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Network World - Chris Harney works as a consultant for VMware resellers and consultants, and he also runs a well-populated virtualization user group in New England named VTUG (Virtual Technology User Group). He’s regularly out and about working with companies and people who work with enterprises on a daily basis.
Network World was interested in doing a story about network virtualization and where it is in terms of adoption. We asked him to reach out to some of his VTUG members to see if any of them would be willing to talk to us. “Honestly, it’s not something I’ve spent any real time thinking about, so it’d be a waste of time,” one user responded. Harney got dozens of similar responses. Implementing virtual networking just isn’t a top-of-mind issue for his members.
[MORE VIRTUAL NETWORKING: The promise of SDN]
Virtual networking has been called by some the next big thing in the industry. Perhaps proponents have reason to be optimistic – about a decade ago hypervisors let servers more efficiently utilize compute resources by creating virtual machines. Why can’t abstracting networking functions from the underlying hardware to be controlled through software be as big of an occasion?
“There’s still some apprehension to go all in with (virtual networking),” Harney says. “There’s a lot of trust that has to happen there. I think we’ll get there, but it will take some time.”
VMware is trying to perhaps speed things along this week. A major focus of the company’s annual VMworld conference in San Francisco is on the software defined data center, which includes virtual networking. The company announced at the show that its premier virtual networking software, NSX, will be generally available by the fourth quarter of this year.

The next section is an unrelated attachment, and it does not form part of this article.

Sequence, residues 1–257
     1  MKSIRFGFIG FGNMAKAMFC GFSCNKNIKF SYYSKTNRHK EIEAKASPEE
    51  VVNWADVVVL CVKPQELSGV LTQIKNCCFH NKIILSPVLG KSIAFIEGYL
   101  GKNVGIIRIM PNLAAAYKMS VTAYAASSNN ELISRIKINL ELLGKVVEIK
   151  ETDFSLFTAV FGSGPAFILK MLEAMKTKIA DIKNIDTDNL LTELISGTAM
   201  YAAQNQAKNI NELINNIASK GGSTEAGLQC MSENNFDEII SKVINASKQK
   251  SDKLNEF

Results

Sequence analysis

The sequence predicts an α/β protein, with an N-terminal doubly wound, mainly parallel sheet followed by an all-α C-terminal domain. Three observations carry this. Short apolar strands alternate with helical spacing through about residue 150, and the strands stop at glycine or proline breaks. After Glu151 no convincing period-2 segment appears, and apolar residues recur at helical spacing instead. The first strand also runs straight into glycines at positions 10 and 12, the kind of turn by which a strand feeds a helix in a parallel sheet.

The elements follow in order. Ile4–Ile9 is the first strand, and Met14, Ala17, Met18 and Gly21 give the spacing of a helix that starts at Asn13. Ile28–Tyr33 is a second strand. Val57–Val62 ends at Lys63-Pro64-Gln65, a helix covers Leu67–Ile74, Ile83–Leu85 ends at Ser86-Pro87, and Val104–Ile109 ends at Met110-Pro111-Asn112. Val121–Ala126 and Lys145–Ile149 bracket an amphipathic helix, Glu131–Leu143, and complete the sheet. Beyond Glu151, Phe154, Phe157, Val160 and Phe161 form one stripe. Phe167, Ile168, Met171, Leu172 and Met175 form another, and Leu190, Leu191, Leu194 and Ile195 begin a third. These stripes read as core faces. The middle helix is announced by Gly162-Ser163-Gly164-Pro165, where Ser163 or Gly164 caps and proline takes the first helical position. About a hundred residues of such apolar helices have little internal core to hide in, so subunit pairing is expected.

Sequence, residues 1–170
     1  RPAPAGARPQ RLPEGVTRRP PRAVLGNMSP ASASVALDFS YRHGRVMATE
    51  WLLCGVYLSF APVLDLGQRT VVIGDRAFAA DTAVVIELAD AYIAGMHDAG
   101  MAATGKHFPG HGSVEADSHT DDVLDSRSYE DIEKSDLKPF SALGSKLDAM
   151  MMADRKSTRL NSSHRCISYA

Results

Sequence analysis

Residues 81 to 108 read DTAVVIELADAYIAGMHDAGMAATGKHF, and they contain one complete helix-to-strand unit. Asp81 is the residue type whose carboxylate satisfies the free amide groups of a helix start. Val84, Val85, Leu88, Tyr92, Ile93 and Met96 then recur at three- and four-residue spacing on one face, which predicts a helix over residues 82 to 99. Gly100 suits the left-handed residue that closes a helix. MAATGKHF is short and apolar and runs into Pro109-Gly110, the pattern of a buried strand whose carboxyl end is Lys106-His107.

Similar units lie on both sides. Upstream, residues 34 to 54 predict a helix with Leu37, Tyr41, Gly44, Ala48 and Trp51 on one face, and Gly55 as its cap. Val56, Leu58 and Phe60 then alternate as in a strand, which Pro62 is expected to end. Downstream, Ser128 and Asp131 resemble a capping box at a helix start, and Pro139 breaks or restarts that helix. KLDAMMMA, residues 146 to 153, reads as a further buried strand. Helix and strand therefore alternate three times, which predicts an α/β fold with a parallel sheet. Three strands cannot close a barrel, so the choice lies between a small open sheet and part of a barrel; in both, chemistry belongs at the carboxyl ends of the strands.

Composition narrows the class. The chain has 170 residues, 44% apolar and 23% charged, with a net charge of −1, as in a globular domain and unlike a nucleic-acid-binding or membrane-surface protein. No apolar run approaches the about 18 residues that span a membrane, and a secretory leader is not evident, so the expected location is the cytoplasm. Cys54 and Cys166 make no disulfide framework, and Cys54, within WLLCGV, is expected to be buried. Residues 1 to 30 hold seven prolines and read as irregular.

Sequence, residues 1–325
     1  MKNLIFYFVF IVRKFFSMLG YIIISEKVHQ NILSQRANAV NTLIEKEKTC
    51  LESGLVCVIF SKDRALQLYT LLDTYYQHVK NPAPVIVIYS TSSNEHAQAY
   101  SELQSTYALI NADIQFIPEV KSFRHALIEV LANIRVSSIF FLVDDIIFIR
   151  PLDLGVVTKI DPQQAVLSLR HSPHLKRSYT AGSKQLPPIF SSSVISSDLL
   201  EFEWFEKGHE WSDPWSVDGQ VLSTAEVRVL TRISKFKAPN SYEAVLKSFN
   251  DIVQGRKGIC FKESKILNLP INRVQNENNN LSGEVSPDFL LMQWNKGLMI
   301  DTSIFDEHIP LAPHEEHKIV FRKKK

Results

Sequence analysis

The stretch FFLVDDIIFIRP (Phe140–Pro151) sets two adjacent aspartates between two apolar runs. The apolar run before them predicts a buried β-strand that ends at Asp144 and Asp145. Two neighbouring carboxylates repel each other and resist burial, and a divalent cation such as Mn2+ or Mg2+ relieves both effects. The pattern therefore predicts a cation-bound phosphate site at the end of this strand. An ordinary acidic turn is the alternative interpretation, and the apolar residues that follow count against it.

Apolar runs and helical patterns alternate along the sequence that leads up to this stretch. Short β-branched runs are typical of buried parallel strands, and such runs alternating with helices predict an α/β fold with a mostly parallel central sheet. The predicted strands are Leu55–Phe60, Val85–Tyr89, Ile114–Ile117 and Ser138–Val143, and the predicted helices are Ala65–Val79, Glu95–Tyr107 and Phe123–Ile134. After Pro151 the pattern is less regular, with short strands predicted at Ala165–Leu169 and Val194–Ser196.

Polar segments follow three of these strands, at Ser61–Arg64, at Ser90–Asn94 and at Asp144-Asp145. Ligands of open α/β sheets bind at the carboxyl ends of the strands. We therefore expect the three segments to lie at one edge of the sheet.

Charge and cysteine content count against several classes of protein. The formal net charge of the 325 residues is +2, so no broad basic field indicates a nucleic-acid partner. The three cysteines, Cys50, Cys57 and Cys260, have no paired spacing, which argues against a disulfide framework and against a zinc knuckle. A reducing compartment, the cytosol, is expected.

It’s a natural move for VMware – the company last year spent $1.2 billion to buy Nicira, one of the darlings of the budding virtual networking movement, whose leader Martin Casado is one of the visionary architects of the OpenFlow protocol, the basis for many virtual networking capabilities.
A year ago, Casado, who is now chief networking architect at VMware, said the conversations he was having with potential customers was around market education. Today, people know what network virtualization is and now they want to know how they can implement it. VMware cites enterprise customers like GE Appliances, WestJet, eBay and Citigroup as being some of its customers. VMware CEO Pat Gelsinger told Network World in a recent interview that today’s adopters represent “lighthouse accounts” for the company.
IDC Analyst Brad Casemore says the earliest adopters of this technology have been hyperscale technology businesses and cloud service providers who have dynamic networking needs and high virtual machine density. “The enterprise market is going to take a bit longer to come around,” he says. But, VMware highlighting early customer wins is an important key to proving out this technology’s functionality.
Not every company will experience the pains that virtual networking will help solve though, he adds; even today there are enterprises that have yet to virtualize their compute layer and still run on mainframes or bare metal servers. As companies adopt private clouds in their data centers, as virtual machine density increases and network demands become more dynamic, this technology will make more and more sense, Casemore says.